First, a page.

Browsing Tag: Malaysia Airlines

The first Thai Airways International (THAI) A380 rolled out of the Airbus paint shop during June 2012, marking completion of its painting and cabin installation work. Photo by Airbus.

The first Thai Airways International (THAI) A380 rolled out of the Airbus paint shop during June 2012, marking completion of its painting and cabin installation work. Hi-Res Photo — Click for larger. Photo by Airbus.

Yesterday, Airbus showed off photos of Thai Airways International’s (THAI) first A380 that is in full livery.

The airline’s first double-decker has also completed interior installation and will now go through its final phase of ground and flight tests in Hamburg, before the aircraft will be believered to THAI sometime during the third quarter of 2012.

THAI will become the ninth operator of the A380 and the airline has firm orders for six A380s.

TAKE A PHOTO INTERIOR TOUR OF THAI’S A380 via Australian Business Traveler

The first A380 for Malaysia Airlines (MAS) was unveiled today bearing its special celebration livery, ahead of entry-into-service next week on the Kuala Lumpur-London route. Image from Airbus.

The first A380 for Malaysia Airlines (MAS) was unveiled today bearing its special celebration livery, ahead of entry-into-service next week on the Kuala Lumpur-London route. Hi-Res image — click for larger. Image from Airbus.

Airbus also showed off Malaysia Airlines (MAS) first A380, sporting a special “celebration livery.” The A380’s new paint scheme was added post-delivery and highlights the A380 as the flagship for the airline. The plane will start operations on the MAS Kuala Lumpur-London route next week and is configured in three classes with a total of 494 seats.

[nggallery id=7]

Malaysia Airlines has announced no kids in first class, will Ryanair ban all kids from some of their flights too?

Malaysia Airlines has announced no kids in first class, will Ryanair ban all kids from some of their flights too?

Recently Malaysia Airlines announced they would no longer allow babies to fly in their first class cabins on Boeing 747-400s and Airbus A380s when they go into service. This comes after complaints by first class passengers, who pay a pretty penny, not wanting to hear screaming kids during their flight. The airline has stated they have tried noise cancelling headphones, but passengers wanted the baby-ban. The airline still plans to allow babies in business and economy class seats.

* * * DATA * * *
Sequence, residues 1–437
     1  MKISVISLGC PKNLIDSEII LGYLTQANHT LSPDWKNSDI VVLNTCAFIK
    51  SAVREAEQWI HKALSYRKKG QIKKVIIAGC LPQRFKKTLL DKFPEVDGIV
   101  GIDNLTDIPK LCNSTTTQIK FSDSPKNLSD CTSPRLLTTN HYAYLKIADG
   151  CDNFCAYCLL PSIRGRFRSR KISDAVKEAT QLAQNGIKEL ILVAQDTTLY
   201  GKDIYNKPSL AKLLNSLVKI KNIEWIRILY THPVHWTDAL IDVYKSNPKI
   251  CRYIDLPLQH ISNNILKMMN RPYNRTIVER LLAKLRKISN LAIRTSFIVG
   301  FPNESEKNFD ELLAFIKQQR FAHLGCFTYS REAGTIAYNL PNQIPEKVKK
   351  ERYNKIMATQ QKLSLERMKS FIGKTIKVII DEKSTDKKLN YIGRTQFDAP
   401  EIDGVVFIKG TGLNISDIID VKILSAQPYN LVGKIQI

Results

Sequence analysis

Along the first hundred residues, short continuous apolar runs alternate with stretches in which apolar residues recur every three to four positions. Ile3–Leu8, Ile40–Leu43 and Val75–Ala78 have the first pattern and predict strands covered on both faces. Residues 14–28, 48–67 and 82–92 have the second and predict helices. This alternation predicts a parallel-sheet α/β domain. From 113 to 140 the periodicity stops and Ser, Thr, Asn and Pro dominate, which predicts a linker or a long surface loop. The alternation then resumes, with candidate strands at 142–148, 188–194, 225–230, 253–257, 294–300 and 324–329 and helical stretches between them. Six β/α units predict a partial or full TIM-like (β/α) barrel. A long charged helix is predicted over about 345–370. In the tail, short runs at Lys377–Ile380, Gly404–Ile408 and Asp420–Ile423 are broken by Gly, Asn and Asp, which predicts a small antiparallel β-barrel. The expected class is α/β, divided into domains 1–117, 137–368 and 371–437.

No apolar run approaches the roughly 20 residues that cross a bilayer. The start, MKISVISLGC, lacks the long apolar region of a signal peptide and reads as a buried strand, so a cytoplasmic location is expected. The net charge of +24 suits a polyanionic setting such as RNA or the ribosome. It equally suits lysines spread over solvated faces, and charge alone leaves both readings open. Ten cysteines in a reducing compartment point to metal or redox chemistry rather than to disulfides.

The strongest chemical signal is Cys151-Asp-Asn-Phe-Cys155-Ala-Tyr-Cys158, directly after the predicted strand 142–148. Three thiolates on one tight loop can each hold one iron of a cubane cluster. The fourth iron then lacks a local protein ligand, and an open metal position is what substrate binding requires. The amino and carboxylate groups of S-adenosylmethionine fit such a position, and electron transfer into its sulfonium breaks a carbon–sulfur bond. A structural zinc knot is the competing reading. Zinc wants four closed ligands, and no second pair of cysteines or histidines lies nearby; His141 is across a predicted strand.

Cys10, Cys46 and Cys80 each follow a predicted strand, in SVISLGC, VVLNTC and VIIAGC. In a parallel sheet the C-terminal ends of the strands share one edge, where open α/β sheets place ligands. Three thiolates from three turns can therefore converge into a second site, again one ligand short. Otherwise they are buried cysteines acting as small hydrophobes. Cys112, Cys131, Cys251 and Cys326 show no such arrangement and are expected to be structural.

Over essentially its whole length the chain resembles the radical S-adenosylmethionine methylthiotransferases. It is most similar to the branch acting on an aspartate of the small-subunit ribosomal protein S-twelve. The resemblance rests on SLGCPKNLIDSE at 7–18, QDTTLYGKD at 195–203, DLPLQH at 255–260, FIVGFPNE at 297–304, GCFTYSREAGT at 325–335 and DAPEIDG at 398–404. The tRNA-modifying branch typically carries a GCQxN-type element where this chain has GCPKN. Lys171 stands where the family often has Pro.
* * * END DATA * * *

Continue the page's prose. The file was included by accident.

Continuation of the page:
Ryanair also recently announced they would start offering child-free flights this October. However, they announced the new flights right before April’s Fools and they have not officially announced one way or another if they will actually be offering the flights.

On the other side of the spectrum, I just got an email in my inbox this morning from Qatar Airways stating that two kids can fly for free (plus taxes and surcharges) with one adult. It doesn’t appear to be directly related to Malaysia Airlines not allowing babies to fly, but it is pretty good timing.

Reading many of the comments on the internet after Ryanair’s announcement and even more recently after Malaysia Airlines’ baby-ban statement, there seems to be a lot of popularity behind not allowing or restricting children from flying. Personally I do not have my own kids, nor am I a big fan of screaming kids on an airline, but it almost seems that is just part of living in a society — being around kids.

I am curious to get your thoughts and figured it is about time for another poll (Note: if you are reading this on the Seattle PI or Reuters synidcation, you will have to go to https://www.airlinereporter.com to vote):

[poll id=”5″]

If an airline outright banned all kids, there would probably be a huge backlash , even though it seems most people do not want kids on their flight. An airline like Ryanair might be able to get away with it, but look at all the attention Malaysia Airlines received just from banning kids from first class on only two aircraft type. We will have to wait until October to see if Ryanair’s promises of child-free flights was true or just another marketing ploy and I would suspect many other airlines around the world are watching how the Malaysian ban will work out.

Images: David Barrie and ffc57